Thought I'd post a review on my recent adventures on the Metrolink commuter train service that runs throughout Southern California. Their Internet presence may be found at http://www.metrolinktrains.com/
First off, don't do what I did: don't purchase your travel ticket without ensuring that the travel date you desire is the one they sell you. I went to the ticket kiosk in Palmdale to purchase my ticket a day early. Bad move! They *don't* refund tickets, even ones where you made a mistake on. You need to ensure that you either purchase your ticket the "day of" travel, or *carefully* check the button selections and tell it to make the date of travel for a date in advance of your desire and choosing - one in the future - before selecting the "buy now/purchase" button. If you so much as sneeze on the "buy now" button before you have exactly what you want, you lose. Buying tickets the evening before travel does not automatically get you the next day's date printed on your ticket. You would think otherwise, but you'd be wrong. I now know the hard way.
The trains really do run on time, and are clean, modern, and well equipped. If you need to use the restroom, there's no need to fear. . . each car has one, with running water and paper. Older cars have just these features, while newer cars - some as new as 2011 - have a paper cup dispenser and water spigot on the outside of the restroom door. Very handy. Not so handy on the older cars. . . I used my trusty small plastic store water bottle to get a refill, and it was a tussle to get the water to go into the container, though it did get done. So don't expect to refill anything other than a very small water container. . . the distance from the sink faucet to the sink is not much.
Seats do not recline. They sit straight up. Some have tables - typically four to a car - and these locations typically have electric plug outlets where you may plug in a laptop computer or cell phone charger or other device. There are fabric straps to put bicycles into, as some riders ride bikes to their destination, and there are wheelchair locations where the seat lifts up out of the way near the car's entrance.
There are two (and a half) levels to each car: the bottom level, the midlevel at either end - not many seats there, though - and the upper level. The upper level is great for sightseeing and seeing where you are - recommended for tourists who need to know where they are as they travel. The Public Address system lets passengers know where they are approaching, and where they are headed to next at each stop.
Lights for each car's cabin stay on all the time. This is more obvious at night in the early morning or evening, when many people desire some shut eye time. I noticed it, but as I am a heavy sleeper, I didn't have a problem with it. Others who are light sleepers might want to bring sleeping goggles or similar.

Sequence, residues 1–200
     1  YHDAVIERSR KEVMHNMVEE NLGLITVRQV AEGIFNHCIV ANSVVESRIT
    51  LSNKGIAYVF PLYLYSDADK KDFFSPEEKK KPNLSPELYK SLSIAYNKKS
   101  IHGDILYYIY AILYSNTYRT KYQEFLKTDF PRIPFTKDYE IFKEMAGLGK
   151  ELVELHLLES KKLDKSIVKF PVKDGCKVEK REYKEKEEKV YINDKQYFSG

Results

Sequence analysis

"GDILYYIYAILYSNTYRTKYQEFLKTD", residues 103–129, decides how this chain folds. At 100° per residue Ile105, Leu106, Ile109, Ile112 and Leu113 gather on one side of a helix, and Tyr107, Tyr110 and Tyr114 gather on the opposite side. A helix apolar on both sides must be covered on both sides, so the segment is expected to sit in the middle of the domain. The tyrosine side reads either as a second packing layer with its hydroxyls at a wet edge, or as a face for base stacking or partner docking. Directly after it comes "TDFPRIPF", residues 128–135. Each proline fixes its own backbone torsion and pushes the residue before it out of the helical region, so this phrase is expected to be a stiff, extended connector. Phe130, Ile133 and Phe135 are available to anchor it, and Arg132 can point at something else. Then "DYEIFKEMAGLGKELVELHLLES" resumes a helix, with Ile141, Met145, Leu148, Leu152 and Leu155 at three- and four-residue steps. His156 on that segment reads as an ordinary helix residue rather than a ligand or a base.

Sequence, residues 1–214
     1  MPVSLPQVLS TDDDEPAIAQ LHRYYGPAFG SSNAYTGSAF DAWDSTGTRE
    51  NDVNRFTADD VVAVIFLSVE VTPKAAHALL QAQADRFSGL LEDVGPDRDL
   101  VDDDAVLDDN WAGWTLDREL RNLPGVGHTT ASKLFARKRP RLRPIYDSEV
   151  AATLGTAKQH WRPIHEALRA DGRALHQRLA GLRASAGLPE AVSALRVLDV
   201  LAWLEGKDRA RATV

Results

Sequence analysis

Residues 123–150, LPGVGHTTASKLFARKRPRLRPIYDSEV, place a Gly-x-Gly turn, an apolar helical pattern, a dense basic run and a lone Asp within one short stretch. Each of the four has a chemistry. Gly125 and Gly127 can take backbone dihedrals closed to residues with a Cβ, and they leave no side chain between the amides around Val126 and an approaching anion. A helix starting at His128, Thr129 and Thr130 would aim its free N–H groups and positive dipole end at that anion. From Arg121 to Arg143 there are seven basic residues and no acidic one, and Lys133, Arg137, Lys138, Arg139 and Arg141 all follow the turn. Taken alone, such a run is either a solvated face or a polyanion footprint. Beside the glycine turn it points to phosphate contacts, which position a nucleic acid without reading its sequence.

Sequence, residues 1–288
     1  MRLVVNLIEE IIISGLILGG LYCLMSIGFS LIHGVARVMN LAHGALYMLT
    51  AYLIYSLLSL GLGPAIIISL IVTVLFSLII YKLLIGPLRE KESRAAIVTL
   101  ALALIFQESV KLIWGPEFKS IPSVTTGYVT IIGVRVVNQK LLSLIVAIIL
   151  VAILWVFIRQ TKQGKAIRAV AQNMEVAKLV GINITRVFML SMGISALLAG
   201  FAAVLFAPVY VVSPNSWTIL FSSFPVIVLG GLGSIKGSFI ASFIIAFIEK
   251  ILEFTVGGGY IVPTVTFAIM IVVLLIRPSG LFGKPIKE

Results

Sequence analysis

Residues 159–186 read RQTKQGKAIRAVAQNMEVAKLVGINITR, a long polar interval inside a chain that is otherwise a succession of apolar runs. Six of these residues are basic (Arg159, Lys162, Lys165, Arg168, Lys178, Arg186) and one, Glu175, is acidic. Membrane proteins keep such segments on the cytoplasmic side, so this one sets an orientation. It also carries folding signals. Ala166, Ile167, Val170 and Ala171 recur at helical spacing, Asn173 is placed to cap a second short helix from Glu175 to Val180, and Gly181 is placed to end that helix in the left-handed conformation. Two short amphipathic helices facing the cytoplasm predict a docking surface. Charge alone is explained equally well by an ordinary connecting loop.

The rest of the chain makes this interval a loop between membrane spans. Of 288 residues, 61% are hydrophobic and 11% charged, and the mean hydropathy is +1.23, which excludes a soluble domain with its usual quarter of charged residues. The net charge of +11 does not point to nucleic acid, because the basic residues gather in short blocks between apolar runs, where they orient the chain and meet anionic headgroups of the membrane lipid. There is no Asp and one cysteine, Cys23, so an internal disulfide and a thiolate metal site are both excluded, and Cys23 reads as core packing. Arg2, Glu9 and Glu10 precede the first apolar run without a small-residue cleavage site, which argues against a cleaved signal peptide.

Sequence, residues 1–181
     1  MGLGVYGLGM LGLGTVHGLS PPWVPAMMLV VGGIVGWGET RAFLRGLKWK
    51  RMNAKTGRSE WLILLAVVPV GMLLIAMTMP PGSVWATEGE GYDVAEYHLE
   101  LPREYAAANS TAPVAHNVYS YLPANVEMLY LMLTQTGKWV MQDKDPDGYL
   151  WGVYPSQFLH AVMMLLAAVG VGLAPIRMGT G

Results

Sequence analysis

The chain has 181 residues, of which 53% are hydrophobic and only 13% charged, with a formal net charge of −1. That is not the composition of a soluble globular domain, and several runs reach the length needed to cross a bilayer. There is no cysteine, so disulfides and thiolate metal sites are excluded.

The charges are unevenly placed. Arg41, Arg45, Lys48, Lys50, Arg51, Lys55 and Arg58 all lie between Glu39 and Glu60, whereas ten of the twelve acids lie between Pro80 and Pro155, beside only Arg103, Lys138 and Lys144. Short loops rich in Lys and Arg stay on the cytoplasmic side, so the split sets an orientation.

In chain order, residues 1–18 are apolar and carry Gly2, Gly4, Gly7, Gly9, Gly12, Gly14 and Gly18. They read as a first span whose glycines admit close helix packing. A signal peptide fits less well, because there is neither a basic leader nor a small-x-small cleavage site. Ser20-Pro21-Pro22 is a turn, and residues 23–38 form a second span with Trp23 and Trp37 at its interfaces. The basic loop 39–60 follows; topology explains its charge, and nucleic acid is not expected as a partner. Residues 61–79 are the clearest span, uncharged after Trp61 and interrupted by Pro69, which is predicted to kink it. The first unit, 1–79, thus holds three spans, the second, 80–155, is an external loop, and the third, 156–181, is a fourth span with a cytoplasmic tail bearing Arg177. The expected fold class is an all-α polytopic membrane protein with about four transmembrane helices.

To help passengers who desire rest and sleep while traveling, Metrolink has a "Quiet Car" system in place: the second car from the locomotive is the Quiet Car, where no talking on cell phones, etc. is allowed. In all cars, no music boom boxes, rowdy behavior, or boisterous talk is allowed. I witnessed the good behavior of passengers in this in 98 per cent of the passengers I saw. The one really "bad apple" character that looked to be cursing every half second and couldn't keep quiet got on at LA Union Station and left at the next station up at Glendale. . . so not so bad when you get down to it. Even tatooed gang member types with the shaved heads and gang talk were circumspect onboard in my travels, keeping quiet. Good show.
Union Station Los Angeles, in the Downtown LA area on Alameda Street, is the terminus of all of the Metrolink lines that emanate from it, as well as the Metro Rail subway lines such as the Red Line and the Gold Line. This is an architectural treasure of a building, and is beautiful to see on the inside, if not the outside. Restrooms, newspaper vendors, Starbucks, Subway sandwich restaurant, Famima!, and even a See's candy kiosk is there in the traveler area adjacent to the lobby. Traxx, a sit down restaurant, is in the lobby itself. Travelers who need help with their schedules will find an Amtrak readerboard of arrivals and departures. Metrolink's is just to the right of Amtrak's in the traveler area next to the main lobby. Travelers with questions may obtain help at either the Amtrak counter, or the Metrolink counter. Metrolink has several automatic ticket vending machines at this traveler's area next to the main lobby.
I checked the baggage area while there in person to see if a Metrolink passenger could leave baggage, etc. with the station agent at the baggage claim area. Not allowed for Metrolink passengers. Amtrak passengers, on the other hand, may use this service. Now you know.
Ticket prices are reduced for travel on Saturdays, Sundays, and holidays. Ticket prices are also reduced for senior citizens and the disabled. That includes anyone holding a valid Medicare card. The disabled fare is 50 per cent of the regular fare. . . a bargain, and why I chose Metrolink for my most recent trips to Downtown Los Angeles. With gasoline prices going up, and forecast to go up through this Summer, it's good to know of a reliable alternative to using the car. I'd say Metrolink does an outstanding job for what it does. Just don't do what I did and make a mistake on buying your first ticket.
Metrolink travels as far north as Lancaster (Antelope Valley Line), as far south as Oceanside (Orange County Line), as far west as Ventura (Ventura County Line), as far east as San Bernardino (San Bernardino Line) and Riverside (Riverside Line). There is an additional 91 line that extends east to Riverside that also stops at Fullerton along the way before traveling to LA Union Station.
Thought this might be a help to travelers here using TripAdvisor. Your helpful additions and corrections - and comments - are welcomed.